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Our all time Top 10 list of the Tennis Video Games

Hello to all of our Tennis video game followers and fans. As a pretty diverse group, with a common goal, we have finally decided upon the ultimate list of the best Tennis video games ever. It was hard to narrow down, and as such, we will list them in no particular order. There’s been dozens and dozens of games over the decades that ranged from arcade to simulation to simcade and even cartoon, and we’ve played them. Here’s our breakdown. 

Super Tennis- SNES ( Switch via Virtual Console); 1991

Fast, Fun and addictive. It was a non licensed Nintendo game that featured a few dozen Male and Female characters, each with different skills. Although simplistic in nature, it took time to fully master, each character had slightly different styles of play and the 4 court surfaces all felt different to play on. Climbing the rankings in Circuit mode was a challenging task that kept gamers playing.  The controls were very basic; the control pad moved the ball around after it was hit and it also moved the characters around, strokes were handled by the face buttons (with your general flat, spin, slice and lob variations).      

Smash Court Tennis 2- Playstation 2 ; 2004, Metacritic score : 74

  • Featuring a wide range of modes , 16 Licensed pros, Licensed Grand Slam and popular guest characters from Namco’s Tekken and Soul Calibur series, this game was a highly rated game that veered towards arcade styled game play with a simulation approach to it’s presentation. It had a unique career mode feature where it would start you into various points in a match and the player had to complete certain tasks to further to advance the score ( ex, starting down 1-4, 40-40, the player must hit 2 “nice forehands” in the game; if you complete the task and win the game then the next score maybe be 5-4 set point….if you fail the task or lose that game, then next point may be 1-6, 2-1). It was very random but created a tense feeling during the career matches. Gameplay felt contained but fun despite lacking much depth. It was also one of the first games to use a “run” button ( done by holding down R1). 

Virtua Tennis- Sega Dreamcast ; 2000, Metacritic score : 92

  • First released as an arcade game, it quickly grew popular and was later released on Sega’s new console, Dreamcast. Arcade in both design and gameplay, it was a fast and frenetic 3D tennis game that featured a roster of 8 Professionally licensed ATP players and 8 fictional players as well as the infamous arcade mode end boss, Master. The World Circuit was a map based mode mixing training games and matches with increasing difficulty. The mini games were creative and fun, and challenging each player felt like a huge battle. Players were able to unlock various outfits, players and stadiums by earning points. The gameplay felt responsive, with a button for lobs, a button for slicing and a button for slicing. Each pro played a bit differently and there was always a bit of strategy involved in beating the AI players.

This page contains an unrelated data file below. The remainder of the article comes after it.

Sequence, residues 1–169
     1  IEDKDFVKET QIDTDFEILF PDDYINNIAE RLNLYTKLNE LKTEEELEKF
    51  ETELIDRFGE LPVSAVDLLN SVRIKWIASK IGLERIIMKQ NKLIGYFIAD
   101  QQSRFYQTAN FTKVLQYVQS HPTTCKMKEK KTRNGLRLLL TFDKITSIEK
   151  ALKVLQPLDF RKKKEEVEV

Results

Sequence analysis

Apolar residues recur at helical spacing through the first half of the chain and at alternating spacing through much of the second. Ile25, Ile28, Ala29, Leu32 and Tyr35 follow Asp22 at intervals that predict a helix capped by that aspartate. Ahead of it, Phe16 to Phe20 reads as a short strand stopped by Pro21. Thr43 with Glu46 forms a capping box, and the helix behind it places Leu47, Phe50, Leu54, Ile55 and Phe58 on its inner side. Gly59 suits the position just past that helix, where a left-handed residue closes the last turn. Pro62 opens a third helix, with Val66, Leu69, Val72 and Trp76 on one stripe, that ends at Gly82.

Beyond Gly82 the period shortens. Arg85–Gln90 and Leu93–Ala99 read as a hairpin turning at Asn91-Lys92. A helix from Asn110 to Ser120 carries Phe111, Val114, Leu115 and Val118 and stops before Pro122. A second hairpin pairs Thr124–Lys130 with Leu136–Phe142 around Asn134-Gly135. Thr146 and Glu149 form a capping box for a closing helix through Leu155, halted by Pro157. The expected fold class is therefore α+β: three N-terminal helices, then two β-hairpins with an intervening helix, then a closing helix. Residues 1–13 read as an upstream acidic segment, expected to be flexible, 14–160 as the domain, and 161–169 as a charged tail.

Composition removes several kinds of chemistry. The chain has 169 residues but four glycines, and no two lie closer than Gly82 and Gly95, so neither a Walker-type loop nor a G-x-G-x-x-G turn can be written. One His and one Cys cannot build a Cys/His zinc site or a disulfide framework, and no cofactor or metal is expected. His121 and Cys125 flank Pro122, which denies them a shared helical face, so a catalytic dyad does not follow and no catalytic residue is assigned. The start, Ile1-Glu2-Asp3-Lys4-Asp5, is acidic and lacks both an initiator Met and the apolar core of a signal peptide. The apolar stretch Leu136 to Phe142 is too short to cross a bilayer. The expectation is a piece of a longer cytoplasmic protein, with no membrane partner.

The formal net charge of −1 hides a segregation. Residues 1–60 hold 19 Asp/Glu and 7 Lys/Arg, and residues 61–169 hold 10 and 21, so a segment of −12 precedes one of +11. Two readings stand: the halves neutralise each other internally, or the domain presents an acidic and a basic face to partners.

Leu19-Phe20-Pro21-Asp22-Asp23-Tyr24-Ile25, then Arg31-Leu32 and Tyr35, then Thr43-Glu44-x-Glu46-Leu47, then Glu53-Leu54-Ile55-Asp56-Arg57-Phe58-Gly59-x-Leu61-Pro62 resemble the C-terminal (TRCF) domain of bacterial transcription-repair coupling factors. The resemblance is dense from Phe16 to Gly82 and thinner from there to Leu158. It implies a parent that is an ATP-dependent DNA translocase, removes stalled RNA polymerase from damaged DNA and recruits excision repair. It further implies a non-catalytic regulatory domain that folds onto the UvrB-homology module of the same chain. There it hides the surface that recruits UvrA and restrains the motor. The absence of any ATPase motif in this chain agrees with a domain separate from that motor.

Tennis 2K2- Sega Dreamcast and Playstation 2; 2001, Metacritic score: 90

  • Possibly the “GOAT” of Tennis games. Highly rated, highly successful and remarked by many as the epitome of Tennis gaming. It featured the same fast paced, frantic gameplay of the previous game but added licensed WTA players ( the first game to feature both Williams sisters) as well as a deeper career mode that continued in the nature of its predecessor. It kept the same simple system of holding down the button to “charge” you shots and featured just 3 shot buttons ( slice, lob and ground stroke) but the variety of player styles and computer AI made most matches feel unique. Though older in nature and harder to play if you don’t own an older console, not many younger gamers will have had the pleasure of playing Tennis 2k2, but make no mistake- it’s in the “GOAT” contention. 

Top Spin 3- Playstation 2, Nintendo Wii and Xbox 360 ; 2008, Metacritic score: 78

  • The third entry into the Top Spin series and the first under new development team P.A.M ( made up of the team responsible for the first 2 entries). This game took a drastic departure from the fast paced arcade nature of the first two games and utilized a divisive simulation style of gameplay. Timing, Nerves, Control VS Power shots, Risk shots and more made up the game play and added a very hard to master playing experience- but one that was deeply satisfying for those that took the time to learn the system. The game featured a nice roster of current ATP and WTA players and was the first Tennis game to include “Legends” into the roster. Each player had various ratings, such as forehand, backhand, power, serve, control that all made up how each player played.  The Career mode was fun and required your junior player to hire a coach ( each with a themed game style ) and it also allowed the gamers a chance to become “sponsored” by one of the majors brands ( unlocking gear and apparel from said brands). It is probably the most realistic tennis gaming experience on consoles and remains the benchmark for most gamers.